Stolen at Birth: Who Is Paul Fronczak?

PHOTO: paul joseph fronczak, missing person, baby
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In 1964 newborn Paul Joseph Fronczak was stolen from the Michael Reese hospital in Chicago by a woman posing as a nurse. She was never caught.

Just over a year later, an abandoned baby found outside a variety store in Newark, New Jersey was believed to be the stolen baby Paul and "reunited" with his Chicago family. But decades later a DNA test now reveal Paul is not the Fronczak's biological child.

DO YOU HAVE ANY TIPS ON THIS CASE? CLICK HERE TO SEND THEM TO ABC NEWS

Today, nearly 50 years later, following media attention, the FBI announced they are reopening the cold case of the kidnapped baby.

"We did a cursory review of the file and felt it warranted reopening the case. We will re-interview witnesses and take a good look at physical evidence," said FBI spokeswoman Joan Hyde. "We want to see if the case might be benefited by modern technology not available at the time of the original investigation."

In an interview with ABC News Anchor Barbara Walters, the man who was raised as Paul Fronczak explained how he first learned of the 1964 kidnapping.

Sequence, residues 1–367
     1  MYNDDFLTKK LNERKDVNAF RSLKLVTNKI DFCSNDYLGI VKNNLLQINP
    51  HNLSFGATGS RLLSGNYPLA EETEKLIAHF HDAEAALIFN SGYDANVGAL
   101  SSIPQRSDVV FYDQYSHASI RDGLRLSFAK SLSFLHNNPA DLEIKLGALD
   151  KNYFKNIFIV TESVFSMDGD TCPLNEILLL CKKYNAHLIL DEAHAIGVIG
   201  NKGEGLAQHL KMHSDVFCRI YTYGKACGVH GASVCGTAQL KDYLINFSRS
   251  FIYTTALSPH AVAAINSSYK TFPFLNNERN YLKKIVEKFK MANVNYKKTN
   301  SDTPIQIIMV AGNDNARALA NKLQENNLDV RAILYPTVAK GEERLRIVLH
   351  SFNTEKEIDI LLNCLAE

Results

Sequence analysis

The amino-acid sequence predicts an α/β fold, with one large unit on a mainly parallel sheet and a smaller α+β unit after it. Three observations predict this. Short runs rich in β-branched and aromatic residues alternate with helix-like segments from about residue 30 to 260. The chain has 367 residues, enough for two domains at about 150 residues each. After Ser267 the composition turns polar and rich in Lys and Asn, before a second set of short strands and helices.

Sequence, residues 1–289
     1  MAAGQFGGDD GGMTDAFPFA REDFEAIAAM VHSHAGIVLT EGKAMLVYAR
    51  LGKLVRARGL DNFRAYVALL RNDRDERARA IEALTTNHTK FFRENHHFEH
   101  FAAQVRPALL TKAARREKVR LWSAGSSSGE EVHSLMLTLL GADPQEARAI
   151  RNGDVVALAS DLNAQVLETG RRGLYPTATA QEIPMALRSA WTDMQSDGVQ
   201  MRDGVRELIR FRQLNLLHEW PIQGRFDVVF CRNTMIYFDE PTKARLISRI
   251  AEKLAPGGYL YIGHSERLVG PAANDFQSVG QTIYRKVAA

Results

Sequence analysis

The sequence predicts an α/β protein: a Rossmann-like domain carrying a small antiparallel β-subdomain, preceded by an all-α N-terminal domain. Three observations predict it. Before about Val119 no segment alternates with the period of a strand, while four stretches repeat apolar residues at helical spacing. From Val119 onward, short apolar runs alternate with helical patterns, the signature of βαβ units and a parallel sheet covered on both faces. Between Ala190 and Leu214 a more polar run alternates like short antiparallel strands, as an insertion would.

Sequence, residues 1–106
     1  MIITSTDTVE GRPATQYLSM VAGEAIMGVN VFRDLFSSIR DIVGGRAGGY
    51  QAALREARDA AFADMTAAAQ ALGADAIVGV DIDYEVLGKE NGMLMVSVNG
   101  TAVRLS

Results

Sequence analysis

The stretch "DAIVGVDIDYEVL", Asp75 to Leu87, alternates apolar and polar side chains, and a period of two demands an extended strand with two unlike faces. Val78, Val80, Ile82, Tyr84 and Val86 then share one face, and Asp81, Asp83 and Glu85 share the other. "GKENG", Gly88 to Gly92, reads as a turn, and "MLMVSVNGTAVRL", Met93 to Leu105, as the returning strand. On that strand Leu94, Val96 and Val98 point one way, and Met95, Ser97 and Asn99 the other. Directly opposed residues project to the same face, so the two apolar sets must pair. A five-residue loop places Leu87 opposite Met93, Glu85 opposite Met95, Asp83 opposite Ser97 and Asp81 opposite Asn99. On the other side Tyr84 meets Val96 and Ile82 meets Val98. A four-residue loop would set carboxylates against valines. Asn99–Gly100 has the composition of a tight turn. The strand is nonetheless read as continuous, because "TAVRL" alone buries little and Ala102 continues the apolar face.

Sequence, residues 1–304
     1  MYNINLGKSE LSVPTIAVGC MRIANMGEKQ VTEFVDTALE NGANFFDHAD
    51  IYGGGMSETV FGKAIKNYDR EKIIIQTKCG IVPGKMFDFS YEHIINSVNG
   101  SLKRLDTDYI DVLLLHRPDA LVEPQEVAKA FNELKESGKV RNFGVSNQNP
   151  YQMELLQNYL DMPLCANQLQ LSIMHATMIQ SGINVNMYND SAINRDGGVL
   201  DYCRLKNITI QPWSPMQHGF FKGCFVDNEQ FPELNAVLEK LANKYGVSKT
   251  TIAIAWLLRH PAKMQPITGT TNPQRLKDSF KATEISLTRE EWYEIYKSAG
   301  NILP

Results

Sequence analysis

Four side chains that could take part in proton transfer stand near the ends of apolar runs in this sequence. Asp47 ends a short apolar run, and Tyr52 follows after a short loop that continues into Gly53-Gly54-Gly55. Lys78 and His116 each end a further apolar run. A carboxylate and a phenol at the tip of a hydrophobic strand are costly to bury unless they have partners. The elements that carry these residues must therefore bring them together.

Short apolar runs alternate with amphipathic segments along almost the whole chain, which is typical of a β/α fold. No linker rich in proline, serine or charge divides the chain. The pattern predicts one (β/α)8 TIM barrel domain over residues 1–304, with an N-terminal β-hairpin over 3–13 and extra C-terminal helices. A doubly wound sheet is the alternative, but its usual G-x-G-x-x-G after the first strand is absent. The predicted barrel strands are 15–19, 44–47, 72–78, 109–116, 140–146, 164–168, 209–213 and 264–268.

"I was snooping through the house like most kids do, around Christmas time, looking for Christmas presents, and I went in the crawlspace and found a bunch of boxes that I thought was going to be the big score, and uh, it turned out it was a bunch of things related to a kidnapping around someone named Paul Joseph Fronczak," he said. "And that was me."

WATCH Barbara Walters' interview with the man known as Paul Fronczak tonight on "World News With Diane Sawyer."

While Fronczak's parents have shied away from media attention, the now 49-year-old Fronczak is determined to discover who he really is, and what happened to his parents' stolen baby.

"My parents raised me, and they did a great job, and I feel that if I don't do everything I can to help find the real child, then I'm not doing my job as a son," he said.

And as the parent of a 4-year-old daughter, he says he is especially eager to discover his own biological heritage for her sake and his own.

"I mean, and to me, in their heart, I was their son, and that's all that mattered," he said. "I have been struggling with the fact that I want to know if the real Fronczak baby is still alive, and what happened. I also want to find out who I am, and why I was abandoned."

ABC News Anchor Barbara Walters and Chief Investigative Reporter Brian Ross are investigating the case and you can send confidential tips to "20/20" by CLICKING HERE.

ABC News' Lauren Putrino, Gail Deutsch and Lydia Noone contributed to this report.

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